This time I was asked to be there at 10:30 A.M. This is almost an hour early. I'd still have to work until 3P.M. and receive the same half pay. "Oh well," I said. "What the heck? Do I have anything better to do?" What I walked in on was just a bit unnerving...not shocking, but questionable. It was a "throw-back" to the old fashioned teaching and classroom. The teacher sat in one place mostly the whole time and the students were in two groups of ten at diagonals to her desk. She went off to the side for a brief time to have a line up of kids (ten) come up and recite the ten different rows (answers) of the 100 multiplication facts. These were just the ones who had completed all 100 in 7 minutes. This reminded me of my old habit of having my classes (mostly 5th and 6th) strive (goal set) to do the same amount in 3-4 minutes with less than 3 mistakes. These were third graders.
There was much bragging and "one-ups-manship" among these students and it was clearly irritating the teacher.

She spoke without much force but "lit-into" any and all who were "talking among themselves" or "not paying close attention" She had me wait off to the side and not circulate and help as I usually did. One student kept raising her hand for help and the teacher didn't seem to see her or come over to her. So...I did. I was rejected. She wanted "her teacher's attention". I had my usual penlight and pointed out a misspelled word she had copied off the chart done by an aide off to the side.(she did nothing else but the chart) The teacher went on to warn me of two of her "worst boys" placed upfront...while they listened. They had to keep a partially filled out "referral slip" on their desktop as a "reminder" of potential and future "detention" they had coming. Several other like slips were magneted on the white board along with lists of kids names with missing assignments or late homework etc. There was a place for "table points" (good points for groups"catch them being good") and it was mostly empty. Remember, this is third grade.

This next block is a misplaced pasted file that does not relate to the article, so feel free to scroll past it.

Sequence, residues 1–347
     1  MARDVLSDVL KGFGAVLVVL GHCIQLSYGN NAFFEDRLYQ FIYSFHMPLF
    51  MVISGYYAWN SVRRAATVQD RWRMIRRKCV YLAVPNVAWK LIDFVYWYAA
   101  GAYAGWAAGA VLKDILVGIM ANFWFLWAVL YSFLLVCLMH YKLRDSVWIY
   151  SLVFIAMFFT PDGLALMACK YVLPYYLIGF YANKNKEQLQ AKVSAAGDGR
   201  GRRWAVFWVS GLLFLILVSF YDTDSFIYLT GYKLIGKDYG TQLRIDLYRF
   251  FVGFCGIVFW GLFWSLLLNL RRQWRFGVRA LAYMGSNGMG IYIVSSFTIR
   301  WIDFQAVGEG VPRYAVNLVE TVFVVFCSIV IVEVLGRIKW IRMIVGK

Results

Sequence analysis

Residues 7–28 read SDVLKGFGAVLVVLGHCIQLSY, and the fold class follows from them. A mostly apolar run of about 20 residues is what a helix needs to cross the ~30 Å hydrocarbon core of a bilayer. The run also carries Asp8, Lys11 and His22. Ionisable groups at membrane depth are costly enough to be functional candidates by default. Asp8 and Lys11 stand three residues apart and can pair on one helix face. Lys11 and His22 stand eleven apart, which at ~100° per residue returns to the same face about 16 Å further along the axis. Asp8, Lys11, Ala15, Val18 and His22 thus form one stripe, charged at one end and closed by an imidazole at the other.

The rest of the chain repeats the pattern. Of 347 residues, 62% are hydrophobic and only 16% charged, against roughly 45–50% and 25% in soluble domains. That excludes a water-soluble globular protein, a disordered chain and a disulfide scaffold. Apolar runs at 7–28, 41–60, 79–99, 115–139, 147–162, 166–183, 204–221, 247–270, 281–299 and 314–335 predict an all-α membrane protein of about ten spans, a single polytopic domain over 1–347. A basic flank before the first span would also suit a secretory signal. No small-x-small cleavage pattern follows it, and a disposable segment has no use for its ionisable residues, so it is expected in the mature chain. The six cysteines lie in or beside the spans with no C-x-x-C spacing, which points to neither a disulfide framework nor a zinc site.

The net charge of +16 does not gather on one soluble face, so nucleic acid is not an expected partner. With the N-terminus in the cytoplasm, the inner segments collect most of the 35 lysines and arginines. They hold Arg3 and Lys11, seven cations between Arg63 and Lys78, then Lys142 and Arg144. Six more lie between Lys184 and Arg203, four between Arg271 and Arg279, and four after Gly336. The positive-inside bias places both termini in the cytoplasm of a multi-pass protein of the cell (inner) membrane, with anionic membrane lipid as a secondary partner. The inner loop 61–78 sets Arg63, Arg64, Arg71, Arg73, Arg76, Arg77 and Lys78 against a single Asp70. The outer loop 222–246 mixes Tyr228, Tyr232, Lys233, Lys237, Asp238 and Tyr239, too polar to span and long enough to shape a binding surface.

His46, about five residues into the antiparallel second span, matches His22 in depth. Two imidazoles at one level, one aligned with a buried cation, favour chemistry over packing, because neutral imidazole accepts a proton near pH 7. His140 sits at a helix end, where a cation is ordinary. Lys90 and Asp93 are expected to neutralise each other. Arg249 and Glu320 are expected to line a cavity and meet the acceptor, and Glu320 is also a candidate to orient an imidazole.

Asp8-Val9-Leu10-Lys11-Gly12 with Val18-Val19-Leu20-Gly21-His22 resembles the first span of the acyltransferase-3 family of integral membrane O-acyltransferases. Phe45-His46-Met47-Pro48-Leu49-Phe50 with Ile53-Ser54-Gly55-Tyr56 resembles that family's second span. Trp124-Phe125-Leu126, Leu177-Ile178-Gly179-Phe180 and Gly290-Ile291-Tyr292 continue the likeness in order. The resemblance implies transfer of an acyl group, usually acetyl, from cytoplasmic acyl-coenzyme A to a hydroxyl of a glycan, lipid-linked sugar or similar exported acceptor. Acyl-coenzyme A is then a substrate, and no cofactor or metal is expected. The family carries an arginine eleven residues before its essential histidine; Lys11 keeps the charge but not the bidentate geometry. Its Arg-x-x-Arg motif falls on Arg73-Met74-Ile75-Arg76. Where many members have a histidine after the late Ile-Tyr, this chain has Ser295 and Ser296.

Soon she called me over to her "command seat" at the middle front and told me to take over..."I have to go to my doctor's appointment now." It was just about 5 minutes before lunch and line-up. On their way out she explained that she was waiting for a kidney and had nightly dialysis at home. She was rather matter-of-fact about it. She showed me the teacher's books she had stacked up ready for the afternoon's assignments. She had also written it on the board in smaller print, at the top, going from left to right, not up and down as usual. I asked her if I could slip in some music and class singing if we had problem. How about P.E.? Oh, none today but they were allowed to have a "nutritious snack" when they came back in from lunch recess while they "free read" (AR) rather than mid-afternoon with a "wiggle break". OK. She also warned me about the "one girl" (who had raised her hand, unrequited) She was not allowed near the teacher's desk because "things had gone missing" recently..."sticky fingers" suspected...I later found her with a hand-full of colorful plastic rulers off in the corner shelves. I asked her what she was doing with them? She needed them. As it turned out the back of the P.M. Math assignment called EXCEL there were three problems of "measurement by cm's" I capitalized on that in a positive way and let her pass out rulers to all the kids and help them measure their lines. I later wrote a positive note to the teacher on how she was trying to help.

We "somehow" had time for a few fun songs, even about Math ("Inch Worm") and a game of "Silent Ball" at the end. They just love this game...sit on top of your desk and toss a balloon-ball around to get each other "out". Our "sticky-fingered" girl was in her glory. She was a different personality during P.E. like this...very with it and athletic...a kinesthetic learner. The kids wanted to know if I would come back tomorrow for somemore fun...I can see why. I had to warn or scold no one during my time there.

The teachers in the staff room at lunch time said she had been waiting for a kidney "a long time"...there were no other comments. RRR

Saturday, February 2, 2008

Amate Illuminati

This last week, I only subbed in my usual Art Class. I was busy during the most active days, Tues. and Wednesday and had several calls, but I turned them down. I needed the R and R. The two days in the Art Class turned out to be quite strenuous anyway.